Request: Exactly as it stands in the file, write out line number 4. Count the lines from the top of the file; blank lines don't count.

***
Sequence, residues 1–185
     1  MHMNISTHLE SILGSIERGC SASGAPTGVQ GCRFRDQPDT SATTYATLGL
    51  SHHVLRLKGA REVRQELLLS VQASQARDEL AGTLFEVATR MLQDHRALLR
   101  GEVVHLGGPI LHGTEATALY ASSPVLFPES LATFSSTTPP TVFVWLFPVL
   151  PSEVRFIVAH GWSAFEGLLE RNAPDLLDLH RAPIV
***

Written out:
   101  GEVVHLGGPI LHGTEATALY ASSPVLFPES LATFSSTTPP TVFVWLFPVL